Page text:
Carbon, by cinematographer and director Venu, is about an ordinary small town-slacker played by Fahad Faasil who stumbles upon a treasure hunt that changes his life. Spectacular visuals of the hilly region, the surrealistic treasure hunt and the strange people the lead character encounters on the way all contribute to the film’s success.


Varathan, another Fahad Faasil film, is about a couple caught in the deadly and claustrophobic web of the voyeuristic society that is contemporary Kerala. Filmed in the suspense-horror mode, with an eerie soundtrack echoing the mounting fear of the woman, the film captures the dark cloud of economic survival that follows the loss of a comfortable life and career in Dubai.

Koode attempts to do a ghost-cum-love story that falls in between, with diluted reality and fantasy that appear too real. Interestingly, the hero of Koode too is a Gulf returnee, who comes home to grapple with bitter truths. Theevandi, featuring Tovino Thomas as the central character, is about a man addicted to smoking and his comic travails to escape from his infatuation.

Oru Kuprasidha Payyan, also a Tovino Thomas film, attempts to tell the story of an innocent young man being wrongly convicted of murder and the struggle to prove his innocence. Nimisha Sajayan plays a young and ambitious lawyer, and the narrative is about her coming of age in her career as an advocate and in her personal life as an independent woman.

Oru Kuprasidha Payyan.

With the changing composition of theatre audiences and the increasing domination of local screens by Hollywood, Hindi and Tamil films, Malayalam productions, especially the serious and independent ones, are increasingly being sidelined or ignored by audiences. One such film was Bhayanakam by Jayaraj, a period film based on a Thakazhi Sivasankara Pillai story. The film is about the experiences of a postman who joins a village post office in Kuttanad between the two World Wars. He is a World War I veteran with a wounded leg, and receives a warm welcome from the villagers. This is a time when the recruitment of soldiers for the impending war is under way, and the first money orders of those already recruited are beginning to arrive and irrigate the cash-scarce economy.

But as the war progresses, money orders turn into telegrams announcing casualties and deaths. The postman suddenly turns into a messenger of death, feared and abhorred by all. Beautifully shot in the watery expanse of Kuttanad, it is only the casting of certain characters that looks odd in an otherwise engaging film.


Pathirakalam by Priyanandanan, though dealing with contemporary themes of authoritarianism and growing intolerance, could not attract audiences. Ababhasam by Jubith Namradath, a road movie and an acerbic satire about the misogyny underlying Malayali life and society and the desperate bids of rebellion against it, also met with the same fate.

It was after a long drawn-out battle with the censor board that S Durga by Sanalkumar Sasidharan was released in theatres, but it evoked only a lukewarm response. Similar was the case with Aalorukkam by VC Abhilash, about the inner conflicts of an aging father dealing with his son’s sex change. Though it was not a huge commercial success, the brilliant performance by Indrans in the role of the father received critical acclaim.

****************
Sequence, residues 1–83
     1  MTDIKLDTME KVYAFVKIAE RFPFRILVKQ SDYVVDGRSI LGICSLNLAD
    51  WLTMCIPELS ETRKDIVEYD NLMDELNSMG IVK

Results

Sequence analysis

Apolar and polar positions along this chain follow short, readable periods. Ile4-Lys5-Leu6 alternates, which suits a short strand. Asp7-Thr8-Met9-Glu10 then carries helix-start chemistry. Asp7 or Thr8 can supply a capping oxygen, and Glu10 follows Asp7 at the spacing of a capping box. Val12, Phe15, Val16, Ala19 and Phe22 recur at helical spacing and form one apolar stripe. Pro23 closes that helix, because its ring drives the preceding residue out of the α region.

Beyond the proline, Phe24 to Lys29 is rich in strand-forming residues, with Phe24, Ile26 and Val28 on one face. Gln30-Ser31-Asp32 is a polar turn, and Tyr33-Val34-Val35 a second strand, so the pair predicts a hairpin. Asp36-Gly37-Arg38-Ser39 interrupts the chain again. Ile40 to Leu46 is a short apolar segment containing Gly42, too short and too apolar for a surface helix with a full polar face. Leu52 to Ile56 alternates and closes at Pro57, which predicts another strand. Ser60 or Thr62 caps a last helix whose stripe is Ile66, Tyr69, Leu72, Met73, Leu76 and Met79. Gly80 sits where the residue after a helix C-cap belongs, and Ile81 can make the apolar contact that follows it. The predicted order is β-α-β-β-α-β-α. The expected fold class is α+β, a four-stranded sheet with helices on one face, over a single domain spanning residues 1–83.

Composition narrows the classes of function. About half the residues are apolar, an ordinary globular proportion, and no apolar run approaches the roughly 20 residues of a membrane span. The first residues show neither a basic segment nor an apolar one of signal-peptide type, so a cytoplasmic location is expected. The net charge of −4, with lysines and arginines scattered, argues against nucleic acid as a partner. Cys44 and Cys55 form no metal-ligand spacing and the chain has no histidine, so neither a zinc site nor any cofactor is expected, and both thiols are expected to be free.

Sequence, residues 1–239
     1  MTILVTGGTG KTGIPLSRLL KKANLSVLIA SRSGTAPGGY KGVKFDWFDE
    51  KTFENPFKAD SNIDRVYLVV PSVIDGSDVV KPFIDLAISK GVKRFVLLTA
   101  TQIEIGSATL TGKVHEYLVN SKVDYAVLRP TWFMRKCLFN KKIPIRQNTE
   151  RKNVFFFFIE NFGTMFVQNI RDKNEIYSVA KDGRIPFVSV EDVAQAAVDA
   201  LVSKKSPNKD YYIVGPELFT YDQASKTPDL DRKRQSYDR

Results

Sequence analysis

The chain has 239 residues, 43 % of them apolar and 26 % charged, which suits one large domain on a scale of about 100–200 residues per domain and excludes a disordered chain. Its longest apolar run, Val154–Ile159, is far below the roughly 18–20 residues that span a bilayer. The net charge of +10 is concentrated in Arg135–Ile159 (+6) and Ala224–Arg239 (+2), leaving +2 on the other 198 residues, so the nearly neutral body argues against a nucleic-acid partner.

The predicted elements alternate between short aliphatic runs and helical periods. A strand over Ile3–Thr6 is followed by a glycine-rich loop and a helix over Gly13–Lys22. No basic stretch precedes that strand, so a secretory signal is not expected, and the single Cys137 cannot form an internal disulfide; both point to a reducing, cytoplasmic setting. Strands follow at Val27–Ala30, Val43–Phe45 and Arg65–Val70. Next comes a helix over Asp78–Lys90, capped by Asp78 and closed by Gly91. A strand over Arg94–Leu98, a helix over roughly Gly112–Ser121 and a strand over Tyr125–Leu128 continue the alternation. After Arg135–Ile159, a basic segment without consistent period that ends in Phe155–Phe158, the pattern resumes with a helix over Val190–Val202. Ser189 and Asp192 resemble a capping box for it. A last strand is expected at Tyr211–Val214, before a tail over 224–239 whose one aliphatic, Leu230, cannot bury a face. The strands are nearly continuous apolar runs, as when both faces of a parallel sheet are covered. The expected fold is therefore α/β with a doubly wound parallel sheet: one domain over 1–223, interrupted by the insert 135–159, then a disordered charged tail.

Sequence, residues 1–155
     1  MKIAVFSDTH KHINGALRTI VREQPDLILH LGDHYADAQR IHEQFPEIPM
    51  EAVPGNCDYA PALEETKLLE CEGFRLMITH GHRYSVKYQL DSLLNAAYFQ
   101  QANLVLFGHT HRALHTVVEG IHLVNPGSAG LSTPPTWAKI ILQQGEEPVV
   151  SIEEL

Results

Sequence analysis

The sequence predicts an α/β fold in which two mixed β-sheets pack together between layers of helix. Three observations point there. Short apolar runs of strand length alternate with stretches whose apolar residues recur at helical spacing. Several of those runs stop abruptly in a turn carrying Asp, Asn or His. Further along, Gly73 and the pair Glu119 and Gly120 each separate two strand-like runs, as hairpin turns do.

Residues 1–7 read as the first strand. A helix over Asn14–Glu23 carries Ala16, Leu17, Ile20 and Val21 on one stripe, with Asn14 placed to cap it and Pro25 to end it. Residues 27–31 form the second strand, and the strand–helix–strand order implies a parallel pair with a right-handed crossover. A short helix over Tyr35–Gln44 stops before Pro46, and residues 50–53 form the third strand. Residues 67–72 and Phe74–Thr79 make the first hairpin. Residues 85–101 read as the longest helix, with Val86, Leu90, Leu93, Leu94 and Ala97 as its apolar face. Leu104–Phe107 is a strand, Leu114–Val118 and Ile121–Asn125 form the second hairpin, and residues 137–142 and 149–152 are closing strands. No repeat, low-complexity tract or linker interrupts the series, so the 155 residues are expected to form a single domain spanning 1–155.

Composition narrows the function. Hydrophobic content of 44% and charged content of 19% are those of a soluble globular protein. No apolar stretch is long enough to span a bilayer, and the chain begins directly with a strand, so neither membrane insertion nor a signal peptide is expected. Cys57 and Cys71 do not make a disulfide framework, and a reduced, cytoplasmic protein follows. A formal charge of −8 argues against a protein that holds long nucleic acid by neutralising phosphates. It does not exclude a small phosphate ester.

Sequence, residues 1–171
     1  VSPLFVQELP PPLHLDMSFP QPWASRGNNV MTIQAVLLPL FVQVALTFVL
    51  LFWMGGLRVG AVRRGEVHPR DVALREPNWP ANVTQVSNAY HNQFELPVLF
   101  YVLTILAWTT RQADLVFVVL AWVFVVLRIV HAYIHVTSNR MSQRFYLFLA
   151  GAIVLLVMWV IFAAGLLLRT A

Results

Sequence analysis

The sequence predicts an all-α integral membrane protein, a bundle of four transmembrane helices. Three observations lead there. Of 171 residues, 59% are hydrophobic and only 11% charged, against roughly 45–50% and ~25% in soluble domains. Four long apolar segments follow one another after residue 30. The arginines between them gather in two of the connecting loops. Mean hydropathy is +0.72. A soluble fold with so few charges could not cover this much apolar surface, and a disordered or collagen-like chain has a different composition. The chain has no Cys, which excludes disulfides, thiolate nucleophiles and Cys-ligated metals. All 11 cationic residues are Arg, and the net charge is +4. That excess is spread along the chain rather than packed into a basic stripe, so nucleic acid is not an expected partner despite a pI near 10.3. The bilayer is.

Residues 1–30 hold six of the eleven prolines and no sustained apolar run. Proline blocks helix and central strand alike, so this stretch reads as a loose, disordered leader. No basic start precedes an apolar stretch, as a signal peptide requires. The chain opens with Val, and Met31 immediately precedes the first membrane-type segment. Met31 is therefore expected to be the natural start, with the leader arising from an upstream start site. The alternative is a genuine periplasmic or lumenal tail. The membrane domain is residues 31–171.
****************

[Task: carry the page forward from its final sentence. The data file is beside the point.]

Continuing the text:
If one looks at the response of audiences, one finds contradictory trends at work. On the one hand, there is an increasing intolerance towards artistically acclaimed and experimental films. On the other, there are instances such as Sudani from Nigeria and Joseph that, even without stars, gather momentum through word of mouth and social media. The key factors seem to be a captivating human drama plus the usual dose of humour supported by always-on-the-move cinematography and fast-paced editing. Anything that is slow-paced in form or complex in content and demands reflection seems to put off audiences.

In terms of production, though not popularity, arthouse cinema too remained very vibrant this year, with several debutants entering the field, and many of them winning awards and places at foreign festivals. Films such as Shaji N Karun’s Olu, Vipin Vijay’s Prathibhasam, Vinu Kolichal’s BIlathikuzhal, Gautham Soorya and Sudeep Elamon’s Sleeplessly Yours, and Pampally’s Sinjar, are still waiting a theatrical release.

Despite the devastating floods, 2018 was a significant year for Malayalam cinema, but there was a dark lining to this cloud. In February 2017, a prominent actress was attacked and sexually assaulted in Ernakulam. A few months later, the attack led to the arrest of actor Dileep, who was later released on bail. Till date, there has been no significant progress in the case, despite the vociferous campaign by the Women in Cinema Collective, which is led by some of the most important female artists, directors and technicians in the industry. Their outrage and appeals still remain cries in the wild.

Even more sadly, male actors and technicians, even the ones from the so-called NewGen group, never came out in the open to declare their solidarity with their female colleagues, who have taken huge risks to take on the powers-that-be. Evidently, their loyalty and commitment to the patriarchal and misogynistic tradition in Malayalam cinema outweighed the ethical call of the #MeToo movement that is sweeping film industries all over the world. Like their screen narratives that seek new realism, one hopes that their lives and careers too will dare to illuminate the realities within the Malayalam film industry.